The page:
I was not having any luck with my search, until one day after Sunday services I mentioned to my priest my dilemma. He actually pointed me in the direction of one of the community’s food pantries. Later that week, I gave them a call and they were more than happy to have me come and help out. They had told me that if I wanted, I could volunteer a few times to see if it was going to be something I would want to continue doing before they added me to their permanent roster.  I went and volunteered for an afternoon shift of 3 hours of work in the back room of the pantry, packing up food for families in need. My fellow team mates were in their retirement years and older, and at first I thought this was not going to be a good match for me, but when the 3 hours were over, I had really enjoyed the work and the people enough to come back and do it again. I am happy to say, that I have been volunteering at this food pantry with the same great group of folks a few times a month for the past 3 years and I genuinely   look forward to each time it is my turn to help out.

So while we as a family do tithe to our church on a weekly basis, we have also given back in ways that may not be considered when thinking of charity.  Some examples of how we and you can give back without making a huge impact on your wallet and making the “for profit” charity organizations wealthier:

1.We have donated clothes, household items and furniture to Goodwill or Salvation Army that we no longer want or use.

2.We have donated old blankets, towels and a bag or two of cat or dog food to the local animal shelter.

3.We have purchased an extra bag or two of groceries for some of our neighbors that had fallen on hard financial times.

4.We have made extra batches of food or cookies for family, friends and neighbors that have had suffered a loss.

homeless5.We have collected items such as toiletries, socks and blankets over a year’s time and donated them all in one shot to the local shelters.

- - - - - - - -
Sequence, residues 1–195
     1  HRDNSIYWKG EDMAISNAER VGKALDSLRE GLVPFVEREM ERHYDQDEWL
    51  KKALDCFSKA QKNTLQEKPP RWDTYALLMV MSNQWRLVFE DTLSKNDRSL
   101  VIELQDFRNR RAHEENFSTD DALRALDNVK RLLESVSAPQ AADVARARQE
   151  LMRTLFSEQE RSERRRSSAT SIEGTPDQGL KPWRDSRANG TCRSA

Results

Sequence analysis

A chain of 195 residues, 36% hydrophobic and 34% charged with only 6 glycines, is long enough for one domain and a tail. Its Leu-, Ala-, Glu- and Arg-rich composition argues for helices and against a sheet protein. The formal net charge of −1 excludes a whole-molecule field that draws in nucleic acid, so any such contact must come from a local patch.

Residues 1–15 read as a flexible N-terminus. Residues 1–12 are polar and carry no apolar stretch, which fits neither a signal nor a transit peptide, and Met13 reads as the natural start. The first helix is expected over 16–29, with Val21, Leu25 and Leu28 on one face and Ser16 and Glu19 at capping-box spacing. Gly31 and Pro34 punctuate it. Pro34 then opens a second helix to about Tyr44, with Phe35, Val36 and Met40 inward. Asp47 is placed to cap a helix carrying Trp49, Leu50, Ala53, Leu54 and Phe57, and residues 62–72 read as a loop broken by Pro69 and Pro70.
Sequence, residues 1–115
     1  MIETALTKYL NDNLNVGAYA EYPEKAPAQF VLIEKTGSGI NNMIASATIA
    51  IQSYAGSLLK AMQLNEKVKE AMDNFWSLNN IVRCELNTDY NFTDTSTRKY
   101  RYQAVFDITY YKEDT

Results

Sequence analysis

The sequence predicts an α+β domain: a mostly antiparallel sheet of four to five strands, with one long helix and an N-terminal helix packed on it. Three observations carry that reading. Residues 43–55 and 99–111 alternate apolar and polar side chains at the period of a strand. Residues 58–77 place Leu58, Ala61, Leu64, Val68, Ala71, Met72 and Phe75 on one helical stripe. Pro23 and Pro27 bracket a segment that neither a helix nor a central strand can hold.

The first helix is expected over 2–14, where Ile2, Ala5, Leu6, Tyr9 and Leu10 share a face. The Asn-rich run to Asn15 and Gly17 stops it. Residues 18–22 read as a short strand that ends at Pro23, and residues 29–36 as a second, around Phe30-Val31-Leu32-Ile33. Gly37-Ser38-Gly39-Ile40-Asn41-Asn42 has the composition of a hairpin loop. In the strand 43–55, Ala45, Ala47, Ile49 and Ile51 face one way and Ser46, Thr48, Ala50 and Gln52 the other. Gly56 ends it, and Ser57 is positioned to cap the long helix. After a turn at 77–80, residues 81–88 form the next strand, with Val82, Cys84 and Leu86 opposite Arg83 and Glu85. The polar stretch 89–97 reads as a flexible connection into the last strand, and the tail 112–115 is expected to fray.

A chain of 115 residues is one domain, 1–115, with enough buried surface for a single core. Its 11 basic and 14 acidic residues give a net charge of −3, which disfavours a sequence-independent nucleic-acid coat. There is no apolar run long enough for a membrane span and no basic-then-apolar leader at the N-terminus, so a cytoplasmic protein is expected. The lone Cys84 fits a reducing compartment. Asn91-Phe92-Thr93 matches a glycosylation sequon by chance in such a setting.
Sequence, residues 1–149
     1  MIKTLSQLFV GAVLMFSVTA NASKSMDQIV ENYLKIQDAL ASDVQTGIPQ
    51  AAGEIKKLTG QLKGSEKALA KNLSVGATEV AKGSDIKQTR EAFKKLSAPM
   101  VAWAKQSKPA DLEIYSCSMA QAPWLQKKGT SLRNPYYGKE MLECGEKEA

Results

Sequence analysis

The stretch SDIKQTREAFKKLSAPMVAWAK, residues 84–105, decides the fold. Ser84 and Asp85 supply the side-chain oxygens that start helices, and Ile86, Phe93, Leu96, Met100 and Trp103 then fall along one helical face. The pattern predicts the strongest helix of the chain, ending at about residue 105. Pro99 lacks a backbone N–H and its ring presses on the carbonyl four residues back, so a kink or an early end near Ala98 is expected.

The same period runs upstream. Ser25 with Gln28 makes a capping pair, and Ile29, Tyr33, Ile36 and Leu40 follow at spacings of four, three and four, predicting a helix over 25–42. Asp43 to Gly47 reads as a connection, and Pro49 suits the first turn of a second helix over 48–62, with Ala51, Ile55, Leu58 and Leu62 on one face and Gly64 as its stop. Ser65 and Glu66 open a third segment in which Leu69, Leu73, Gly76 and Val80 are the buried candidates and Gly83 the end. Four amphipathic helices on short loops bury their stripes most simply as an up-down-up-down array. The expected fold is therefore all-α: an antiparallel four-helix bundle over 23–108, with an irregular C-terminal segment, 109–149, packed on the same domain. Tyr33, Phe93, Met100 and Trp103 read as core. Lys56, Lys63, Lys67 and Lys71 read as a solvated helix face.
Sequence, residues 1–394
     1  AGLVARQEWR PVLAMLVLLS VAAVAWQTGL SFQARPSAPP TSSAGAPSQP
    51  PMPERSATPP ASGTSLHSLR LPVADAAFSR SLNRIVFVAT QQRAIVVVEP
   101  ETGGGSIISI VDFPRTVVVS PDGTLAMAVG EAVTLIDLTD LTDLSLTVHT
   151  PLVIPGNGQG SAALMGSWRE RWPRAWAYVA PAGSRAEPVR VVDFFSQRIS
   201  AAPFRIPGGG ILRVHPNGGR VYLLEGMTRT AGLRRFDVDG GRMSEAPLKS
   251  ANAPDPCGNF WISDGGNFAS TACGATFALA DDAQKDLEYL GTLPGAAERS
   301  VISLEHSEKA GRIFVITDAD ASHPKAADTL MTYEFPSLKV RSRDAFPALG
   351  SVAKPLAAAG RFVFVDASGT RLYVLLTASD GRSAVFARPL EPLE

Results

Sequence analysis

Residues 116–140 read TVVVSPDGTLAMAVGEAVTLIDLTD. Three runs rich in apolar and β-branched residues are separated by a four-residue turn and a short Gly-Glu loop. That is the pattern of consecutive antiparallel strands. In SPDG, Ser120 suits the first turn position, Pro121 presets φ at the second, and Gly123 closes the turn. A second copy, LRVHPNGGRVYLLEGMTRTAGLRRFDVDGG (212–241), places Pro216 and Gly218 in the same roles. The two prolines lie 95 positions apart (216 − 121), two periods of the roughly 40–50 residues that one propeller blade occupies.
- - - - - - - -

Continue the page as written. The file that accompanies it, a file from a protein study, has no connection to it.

6.We have volunteered at charity walks and 5-K runs as staff members that pass out water or food, help people sign in and other organizational tasks.

7.We have given bottles of water, cups of coffee and bought lunches for people who were in obvious need as we passed them while we are out and about.

8.We have helped seniors play bingo at a retirement home.

9.We have read to children at “story times” at libraries and schools.

10.We have packed backpacks full of supplies for kids going back to school.

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Some have argued that giving back is purely a selfish act, that it makes one feel better about oneself or that they are waiting for a glorified pat on the back. Giving back is rewarding, I believe that Jesus gave of himself to us, over and over again and I have come to realize I have been blessed in so many aspects in my life; whether it be my health, my family and friends, the comforts and necessities that help me sustain my life, my intelligence, my patience and compassion, and the list of blessings and gifts that have been bestowed upon me goes on and on.  I am grateful and happy that I have the luxury to “give back” and I gladly look forward to doing and giving more of my time and efforts for many years to come.